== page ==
2019 has been a historic year for public higher education in the Commonwealth. Thanks to a series of recent state and institutional policy decisions, Virginia’s colleges and universities are on a track to more transparency, accountability, and affordability.
Up until this year, the trendline of skyrocketing tuition and fees in Virginia, having risen 80 percent in the past decade, showed no signs of slowing. Some institutions had raised tuition for 17 straight years as a springtime ritual of sorts.
Just last year, tuition and fees increased an average 5 percent across all public two- and four-year institutions in the Commonwealth, bumping Virginia up one spot to #6 for highest tuition and fees in the nation for public four-year institutions.
And until recently, students and families had limited opportunities to express their thoughts and concerns with those entrusted to make decisions on behalf of Virginia’s public hubs of higher learning. While many public boards and commissions have long been required by law to solicit public input through holding public comment periods, Virginia’s public colleges and universities have long been exempted from the rule.
While a small number of institutions had rules for permitting public comment at their governing board meetings, such as Longwood University and Virginia Military Institute, the vast majority did not. When Virginia Commonwealth University proposed up to an 8.1 percent increase in tuition and fees last year, a diverse coalition of students came together in a united stance against the hike. In the absence of a public comment period, student leaders were unable to voice their concerns to the Board of Visitors directly and were left handing paper copies of student statements and 400 petition signatures to university leaders before the board meeting began. A 6.4 percent increase in tuition and fees was ultimately approved.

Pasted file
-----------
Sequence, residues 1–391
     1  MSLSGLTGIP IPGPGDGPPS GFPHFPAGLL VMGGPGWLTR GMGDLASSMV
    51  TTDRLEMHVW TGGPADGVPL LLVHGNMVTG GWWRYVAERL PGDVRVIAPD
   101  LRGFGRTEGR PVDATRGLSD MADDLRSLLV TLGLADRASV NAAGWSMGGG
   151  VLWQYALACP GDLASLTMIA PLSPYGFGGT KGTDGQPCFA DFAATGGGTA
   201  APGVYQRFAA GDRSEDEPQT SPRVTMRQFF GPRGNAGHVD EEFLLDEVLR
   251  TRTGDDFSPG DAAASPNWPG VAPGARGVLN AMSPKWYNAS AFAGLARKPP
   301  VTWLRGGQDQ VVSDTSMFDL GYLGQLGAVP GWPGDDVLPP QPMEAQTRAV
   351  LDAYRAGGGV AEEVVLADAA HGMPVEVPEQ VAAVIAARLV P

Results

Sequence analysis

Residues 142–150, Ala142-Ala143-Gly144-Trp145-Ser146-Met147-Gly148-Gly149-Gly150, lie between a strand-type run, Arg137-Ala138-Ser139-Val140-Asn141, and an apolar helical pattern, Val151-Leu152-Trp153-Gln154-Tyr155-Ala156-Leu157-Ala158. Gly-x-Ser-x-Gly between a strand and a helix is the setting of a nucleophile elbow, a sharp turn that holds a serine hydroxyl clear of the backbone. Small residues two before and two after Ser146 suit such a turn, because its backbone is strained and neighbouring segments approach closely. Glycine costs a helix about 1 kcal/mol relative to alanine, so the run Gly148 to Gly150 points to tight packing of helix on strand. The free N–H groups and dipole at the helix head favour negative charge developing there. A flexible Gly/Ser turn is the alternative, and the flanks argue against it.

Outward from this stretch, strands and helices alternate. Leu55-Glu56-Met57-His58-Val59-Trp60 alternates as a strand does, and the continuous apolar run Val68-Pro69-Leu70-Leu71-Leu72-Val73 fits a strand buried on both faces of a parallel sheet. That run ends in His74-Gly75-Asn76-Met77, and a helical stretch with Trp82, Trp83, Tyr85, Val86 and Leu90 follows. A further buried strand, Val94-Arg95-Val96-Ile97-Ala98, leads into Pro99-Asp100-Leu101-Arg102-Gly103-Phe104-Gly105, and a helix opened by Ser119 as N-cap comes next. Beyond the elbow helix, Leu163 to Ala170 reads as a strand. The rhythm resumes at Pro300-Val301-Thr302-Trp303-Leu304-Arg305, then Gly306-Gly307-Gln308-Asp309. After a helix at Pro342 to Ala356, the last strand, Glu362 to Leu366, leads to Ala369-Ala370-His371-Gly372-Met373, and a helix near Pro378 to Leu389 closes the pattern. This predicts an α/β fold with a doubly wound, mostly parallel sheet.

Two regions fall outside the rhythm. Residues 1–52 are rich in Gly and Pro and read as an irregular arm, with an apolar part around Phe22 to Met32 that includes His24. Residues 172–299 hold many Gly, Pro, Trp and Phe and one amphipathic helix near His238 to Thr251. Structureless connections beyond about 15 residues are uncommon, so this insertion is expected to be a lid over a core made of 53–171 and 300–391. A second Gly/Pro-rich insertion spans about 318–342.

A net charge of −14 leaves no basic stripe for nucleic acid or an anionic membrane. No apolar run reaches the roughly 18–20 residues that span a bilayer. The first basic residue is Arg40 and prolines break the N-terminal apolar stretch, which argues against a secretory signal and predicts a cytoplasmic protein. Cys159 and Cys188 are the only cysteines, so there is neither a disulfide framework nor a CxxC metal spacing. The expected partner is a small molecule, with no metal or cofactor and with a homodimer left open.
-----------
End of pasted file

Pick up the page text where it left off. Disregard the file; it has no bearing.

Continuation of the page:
But as it turns out, a lot can change in just one year.
Thanks to efforts by state lawmakers and institutional leadership alike, Virginia’s students and their families will soon be the beneficiaries of a temporary – but very significant – reprieve from rising college tuition. And these students and the public will have a permanent platform to influence governing board decisions.
This year, the General Assembly has allocated an additional $52.5 million in new state funding for public colleges and universities who agree to freeze in-state, undergraduate tuition and fee rates for one year. Beginning July 1, a new state law will require Boards of Visitors to hold public comment periods ahead of tuition decisions.
The response thus far from Virginia’s institutions has been overwhelmingly positive.
Earlier this week, Virginia Tech became the first institution to formally accept the General Assembly’s tuition moderation funding as the Board of Visitors voted unanimously to freeze in-state, undergraduate tuition. Last week, the college board of University of Virginia’s College at Wise voted to roll back a previously approved 3 percent tuition increase, a decision that is currently pending approval from the University of Virginia’s Board of Visitors.
Several other university leaders and administrations have already announced their support for freezing tuition in advance of their respective board meetings, including Virginia Commonwealth University (VCU), Christopher Newport University, the College of William and Mary (W&M), George Mason University (GMU), Old Dominion University, Radford University, and the University of Mary Washington.
These Boards of Visitors will meet over the next several weeks, where they will vote on proposed rates for the 2019-20 academic year. Ahead of these decisions, some boards have held public comment periods for students and members of the public before the state mandate even takes effect.
W&M held a public comment session in March with a small group of board members present, replicating a format they introduced last fall. GMU gave students a similar opportunity last week following a packed board committee meeting.
In a positive show of public accountability, VCU’s Board of Visitors welcomed public comment from students during their budget forum in the presence of the full board in March – setting the gold standard for format.
Those institutions that met the spirit of the not-yet enacted law deserve credit for their efforts.
While many board decisions are still left to be made, these last few weeks have illustrated an encouraging shift in Virginia higher education, validating Partners’ year-long advocacy campaign for tuition control and public comment requirements.
As we know, college affordability is a shared responsibility of state lawmakers and institutional leadership. And thanks to the hard-work of a broad coalition of activists this year, for now, all responsible parties are holding up their end of the bargain.
Should this trend continue, the future of Virginia higher education looks particularly bright.